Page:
The second notebook requires a DGX-2 or comparable server with 16 fully-connected 32GB V100s. The reason is that the notebook explores processing a 300GB (on disk) HiBench dataset (Zipfian distribution). A good rule of thumb is to have twice the amount of GPU memory as the file size, so the CSV parser has room for the raw data and extracted columns. This notebook shows how to load a large input split across multiple files (32 partitions) and across multiple GPUs so that the overhead per file is small enough to process 300GB of raw data in only 512GB of GPU memory. Once the data is loaded, then the Multi-GPU PageRank analytic is called as in the first notebook.
Based on our experimental results, the novel multi-GPU PageRank feature can analyze over 16 billion links to rank half a billion nodes in just a few seconds on a DGX2.
Profile and architecture
The profile of the pipeline for processing 146GB of data and running 20 PageRank iterations is shown in the following pie chart. Notice that that most of the time is spent performing I/O and ETL. Only the purple parts represent the steps behind cuGraph’s PageRank API. Using the GPU-accelerated CSV I/O from cuDF does greatly accelerate the process, but I/O still consume 72% of the time. Dask and python bindings overheads have been reduced to a minimum of 7% of the total time. Once data is ready, the actual PageRank computation takes only 9.8% of the end-to-end time.
The conversion from edge list (COO format) to the adjacency list (CSR format) is a one-time operation happening at the CUDA level. This allows having better vectorized accesses and thus faster iterations later on. Notice that some workloads run more than 20 iterations. In that case, only the “PageRank CSR” part would increase.
In the current implementation, the graph is split so that each GPU carries a chunk of the adjacency list (where each one has about the same number of edges) and a copy of the vertex sets as shown below.
We compared cuGraph against Spark on artificial graphs from the WebSearch PageRank benchmark in Intel-bigdata/HiBench. HiBench is a Big Data benchmark suite that helps evaluate different big data frameworks. In our experimental setting, sizes vary from 3GB (2 billion edges) to 300GB (16 billion edges). In the figure below, the column on the right shows the number of GPUs needed to run the multi-GPU PageRank feature. cuGraph results were obtained on a DGX-2 (1 node, 16 GPUs) and Spark results were obtained on GCP dataproc, n1-standard-8 instance with up to 100 nodes.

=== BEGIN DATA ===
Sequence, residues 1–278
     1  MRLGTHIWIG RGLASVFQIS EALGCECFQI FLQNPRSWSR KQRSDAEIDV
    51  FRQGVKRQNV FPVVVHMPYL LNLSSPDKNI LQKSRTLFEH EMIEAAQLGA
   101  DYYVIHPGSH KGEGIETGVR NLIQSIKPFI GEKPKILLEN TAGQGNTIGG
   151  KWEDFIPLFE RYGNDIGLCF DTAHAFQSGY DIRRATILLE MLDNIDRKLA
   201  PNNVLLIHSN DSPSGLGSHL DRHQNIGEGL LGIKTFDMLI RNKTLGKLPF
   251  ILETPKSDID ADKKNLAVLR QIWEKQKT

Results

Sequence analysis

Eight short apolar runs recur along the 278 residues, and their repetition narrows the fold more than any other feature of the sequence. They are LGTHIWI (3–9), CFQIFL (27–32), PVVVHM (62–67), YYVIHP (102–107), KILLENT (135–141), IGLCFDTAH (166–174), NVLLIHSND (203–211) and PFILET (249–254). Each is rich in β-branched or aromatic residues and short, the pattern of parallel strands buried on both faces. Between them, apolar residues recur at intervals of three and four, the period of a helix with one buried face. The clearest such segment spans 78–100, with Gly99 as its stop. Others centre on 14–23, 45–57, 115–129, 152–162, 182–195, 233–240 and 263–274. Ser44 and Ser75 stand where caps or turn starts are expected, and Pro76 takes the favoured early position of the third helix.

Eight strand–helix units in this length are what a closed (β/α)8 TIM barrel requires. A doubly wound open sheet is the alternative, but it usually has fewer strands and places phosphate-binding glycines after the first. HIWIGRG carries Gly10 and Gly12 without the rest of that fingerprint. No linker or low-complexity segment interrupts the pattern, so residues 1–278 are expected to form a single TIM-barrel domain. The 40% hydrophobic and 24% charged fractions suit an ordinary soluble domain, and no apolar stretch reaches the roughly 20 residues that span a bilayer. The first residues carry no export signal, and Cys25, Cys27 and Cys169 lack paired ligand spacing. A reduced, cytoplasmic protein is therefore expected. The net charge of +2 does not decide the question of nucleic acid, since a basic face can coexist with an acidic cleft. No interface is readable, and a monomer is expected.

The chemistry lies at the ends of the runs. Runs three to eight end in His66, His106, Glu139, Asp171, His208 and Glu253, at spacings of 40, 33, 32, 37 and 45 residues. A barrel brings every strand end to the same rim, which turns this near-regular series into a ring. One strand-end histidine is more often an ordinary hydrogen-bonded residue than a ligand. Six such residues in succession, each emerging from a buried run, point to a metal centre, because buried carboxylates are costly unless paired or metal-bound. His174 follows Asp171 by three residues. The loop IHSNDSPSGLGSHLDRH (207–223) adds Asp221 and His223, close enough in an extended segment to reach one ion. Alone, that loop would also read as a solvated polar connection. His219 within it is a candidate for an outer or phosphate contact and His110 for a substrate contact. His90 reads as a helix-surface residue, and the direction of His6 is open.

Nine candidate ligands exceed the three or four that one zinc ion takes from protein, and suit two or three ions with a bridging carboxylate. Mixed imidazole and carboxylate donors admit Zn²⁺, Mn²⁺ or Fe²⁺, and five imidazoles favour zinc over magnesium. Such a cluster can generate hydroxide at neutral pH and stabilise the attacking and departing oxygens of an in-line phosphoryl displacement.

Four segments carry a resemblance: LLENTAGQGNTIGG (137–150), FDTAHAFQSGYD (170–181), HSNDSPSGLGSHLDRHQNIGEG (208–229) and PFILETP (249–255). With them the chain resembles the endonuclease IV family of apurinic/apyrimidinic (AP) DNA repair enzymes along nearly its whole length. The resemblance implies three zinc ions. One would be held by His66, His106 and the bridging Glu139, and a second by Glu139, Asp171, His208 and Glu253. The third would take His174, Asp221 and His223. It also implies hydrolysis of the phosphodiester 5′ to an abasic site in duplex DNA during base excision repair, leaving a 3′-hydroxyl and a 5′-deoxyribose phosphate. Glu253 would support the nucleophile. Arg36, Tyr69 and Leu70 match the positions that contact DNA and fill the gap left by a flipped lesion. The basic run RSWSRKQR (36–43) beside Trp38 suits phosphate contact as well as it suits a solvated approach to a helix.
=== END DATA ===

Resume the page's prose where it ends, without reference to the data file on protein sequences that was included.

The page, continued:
The figure below compares the performance of the new multi-GPU PageRank algorithm to Spark by looking at the end-to-end pipeline. In this pipeline, I/O times (CSV read/write) are included. We set the number of PageRank iterations to be 20 to reflect real use cases.
On the largest dataset (16 billion edges) using 100 nodes, it takes Spark 3.5 hours to complete this pipeline while cuGraph takes only 2.5 minutes on a single DGX-2 server. This equates to an 80x improvement in performance.
Speedup increases as the size and number of iterations increases. This is due to the fact that I/O times amount for the bulk of the end-to-end runtimes and remain constant as the number of iterations is changed. For instance, the speedup would be 19x, instead of 80x, if we were to run 3 iterations. On the largest dataset, one PageRank iteration takes 1 second when looking only at the python call and excluding I/O time.
The image below shows cuGraph’s multi-GPU PageRank Solver runtime (excluding I/O) for various sizes and iterations.
As shown in the previous section, the PageRank solver time includes constant overheads and transformations when looking at it from the Python perspective. One iteration of the CUDA solver is actually only 0.4s on the largest dataset (16 billion edges) which corresponds to 38 billion traversed edges per second.
What comes next
The roadmap is for additional analytic and constant improvement in performance and user experience, with the goal being that more cuGraph algorithms support multi-GPU. The cuGraph team is eager to hear feedback and impressions of this first multi-GPU feature. A series of blogs on graph analytics is planned, so look for more blogs on cuGraph to come.